Field Level Sustainability# producers/workers/ community members trained Target 2020 50.000Target 2017 10.000Results 2017 24.805In Honduras and Ecuador, training sessions related to occupational safety, good aquaculture practices, ASC standard, labor laws, chemicals management, and quality control were held monthly in 2017. In India, training topics included production practices, health and safety, chemical applications, crop planning, water and waste management and ASC certification requirements. In Egypt, training topics covered production practices from pond construction to harvest, post-harvest social responsibility, and marketing.
We have managed to create a lot of energy and momentum for a data driven zonal management approach amongst key companies.
We identified that female farmers in Hai Nan, China, have a social network dedicated to sharing experiences, and we decided to leverage that network for the purposes of the project. We deliberately took gender into account when replacing a member of the IDH Aquaculture Steering Committee. In other boards or advisory bodies, we address gender when new board members are being selected. Overall, farms are dominated by men, as they require activities like feeding or water exchange at night, which is less suitable for women in the cultural contexts in which we operate. In other business areas, women can and do play a role. In China, we found that women play a role in overseeing the finances of the business. We are now exploring whether and how this can be addressed in projects when it comes to finance.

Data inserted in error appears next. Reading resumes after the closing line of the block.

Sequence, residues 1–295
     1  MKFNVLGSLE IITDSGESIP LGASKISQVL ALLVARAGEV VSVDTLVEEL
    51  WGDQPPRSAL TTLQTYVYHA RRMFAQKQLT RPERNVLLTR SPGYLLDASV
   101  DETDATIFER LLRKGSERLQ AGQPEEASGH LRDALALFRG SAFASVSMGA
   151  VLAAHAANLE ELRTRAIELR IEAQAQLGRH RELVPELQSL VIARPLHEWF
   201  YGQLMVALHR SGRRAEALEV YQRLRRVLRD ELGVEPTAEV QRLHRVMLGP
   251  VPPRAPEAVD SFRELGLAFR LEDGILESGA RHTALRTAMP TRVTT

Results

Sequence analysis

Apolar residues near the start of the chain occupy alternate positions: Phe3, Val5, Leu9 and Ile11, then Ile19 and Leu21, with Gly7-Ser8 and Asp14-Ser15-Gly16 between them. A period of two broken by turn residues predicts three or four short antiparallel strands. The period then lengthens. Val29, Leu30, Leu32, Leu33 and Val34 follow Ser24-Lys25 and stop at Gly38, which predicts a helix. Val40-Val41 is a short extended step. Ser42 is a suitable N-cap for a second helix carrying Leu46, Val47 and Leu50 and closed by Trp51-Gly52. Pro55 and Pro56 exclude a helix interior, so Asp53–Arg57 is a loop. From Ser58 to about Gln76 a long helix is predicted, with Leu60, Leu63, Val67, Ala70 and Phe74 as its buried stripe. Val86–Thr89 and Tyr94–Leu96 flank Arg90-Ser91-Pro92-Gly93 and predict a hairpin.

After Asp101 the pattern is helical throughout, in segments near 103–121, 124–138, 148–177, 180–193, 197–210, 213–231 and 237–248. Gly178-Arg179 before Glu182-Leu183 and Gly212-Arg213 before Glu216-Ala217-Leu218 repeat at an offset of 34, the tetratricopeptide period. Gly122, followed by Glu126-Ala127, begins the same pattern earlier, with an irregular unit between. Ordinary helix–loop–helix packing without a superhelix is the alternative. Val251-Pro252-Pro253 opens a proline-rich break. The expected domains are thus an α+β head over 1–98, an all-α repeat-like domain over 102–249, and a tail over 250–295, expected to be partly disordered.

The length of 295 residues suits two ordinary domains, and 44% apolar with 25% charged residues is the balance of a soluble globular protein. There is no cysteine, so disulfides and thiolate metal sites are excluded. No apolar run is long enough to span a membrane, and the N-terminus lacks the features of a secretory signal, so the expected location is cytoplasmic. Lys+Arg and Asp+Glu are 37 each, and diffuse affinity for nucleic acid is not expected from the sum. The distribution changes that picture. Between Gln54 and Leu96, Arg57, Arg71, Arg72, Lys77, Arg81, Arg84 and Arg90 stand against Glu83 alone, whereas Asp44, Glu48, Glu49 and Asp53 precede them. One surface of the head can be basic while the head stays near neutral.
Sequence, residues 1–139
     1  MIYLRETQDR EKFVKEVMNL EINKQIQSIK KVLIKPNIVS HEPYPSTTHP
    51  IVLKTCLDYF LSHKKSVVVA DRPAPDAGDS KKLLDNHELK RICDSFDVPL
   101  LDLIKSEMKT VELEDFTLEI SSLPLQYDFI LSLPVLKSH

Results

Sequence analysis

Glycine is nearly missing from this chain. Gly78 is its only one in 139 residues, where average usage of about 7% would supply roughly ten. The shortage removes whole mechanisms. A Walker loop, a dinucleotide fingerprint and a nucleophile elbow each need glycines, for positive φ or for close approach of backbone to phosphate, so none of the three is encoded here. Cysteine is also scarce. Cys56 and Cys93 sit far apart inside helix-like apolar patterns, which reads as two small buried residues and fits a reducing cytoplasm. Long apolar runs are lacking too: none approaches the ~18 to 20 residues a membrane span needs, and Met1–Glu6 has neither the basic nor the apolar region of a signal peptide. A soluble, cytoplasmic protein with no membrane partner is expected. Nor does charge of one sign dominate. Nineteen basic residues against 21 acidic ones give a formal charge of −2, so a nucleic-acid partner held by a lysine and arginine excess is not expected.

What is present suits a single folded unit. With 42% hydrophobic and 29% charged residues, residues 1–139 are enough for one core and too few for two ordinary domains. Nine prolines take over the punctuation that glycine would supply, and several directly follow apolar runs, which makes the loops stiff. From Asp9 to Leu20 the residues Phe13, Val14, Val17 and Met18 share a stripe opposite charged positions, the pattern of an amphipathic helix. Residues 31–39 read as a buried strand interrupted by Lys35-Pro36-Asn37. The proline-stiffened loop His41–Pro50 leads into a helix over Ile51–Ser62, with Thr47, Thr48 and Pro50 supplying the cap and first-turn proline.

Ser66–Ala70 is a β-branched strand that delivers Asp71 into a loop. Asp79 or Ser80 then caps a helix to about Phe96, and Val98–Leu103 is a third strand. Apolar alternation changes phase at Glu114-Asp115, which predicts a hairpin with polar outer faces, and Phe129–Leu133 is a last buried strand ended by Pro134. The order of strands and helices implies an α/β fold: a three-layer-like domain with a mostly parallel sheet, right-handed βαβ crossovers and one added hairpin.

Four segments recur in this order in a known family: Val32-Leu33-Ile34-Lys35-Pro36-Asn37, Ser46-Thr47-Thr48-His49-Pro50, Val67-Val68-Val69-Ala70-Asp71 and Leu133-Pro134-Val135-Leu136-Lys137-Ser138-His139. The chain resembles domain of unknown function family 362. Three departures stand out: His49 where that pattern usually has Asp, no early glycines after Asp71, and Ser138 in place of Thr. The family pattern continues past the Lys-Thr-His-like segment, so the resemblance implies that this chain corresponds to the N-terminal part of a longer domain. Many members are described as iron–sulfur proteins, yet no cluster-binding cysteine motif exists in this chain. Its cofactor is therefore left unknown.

It took more effort than expected to gain the necessary commitment from the sector for a more collaborative and a data-driven approach. We decided to organize a call for proposals for a company to overcome at least some of the confidentiality challenges around data sharing.
Reaching agreement on the sector’s priorities is far more challenging in a fragmented sector like aquaculture than agreeing on a method of assessing the performance of geographies on different
sustainability issues. Therefore, IDH is now leading the GSSI board’s efforts to develop tools to measure progress towards sustainability and to align the industry around improvement programs.
There is growing appetite to invest in aquaculture as an efficient source of quality animal proteins, which would address growing food security challenges. Nevertheless, there is still limited understanding on the part of investors about the risks associated with the sector and on the available risk mitigation measures. We therefore focused our efforts on involving investors more closely in our aquascapes, and on creating investment guidelines for sustainable aquaculture, starting in Indonesia.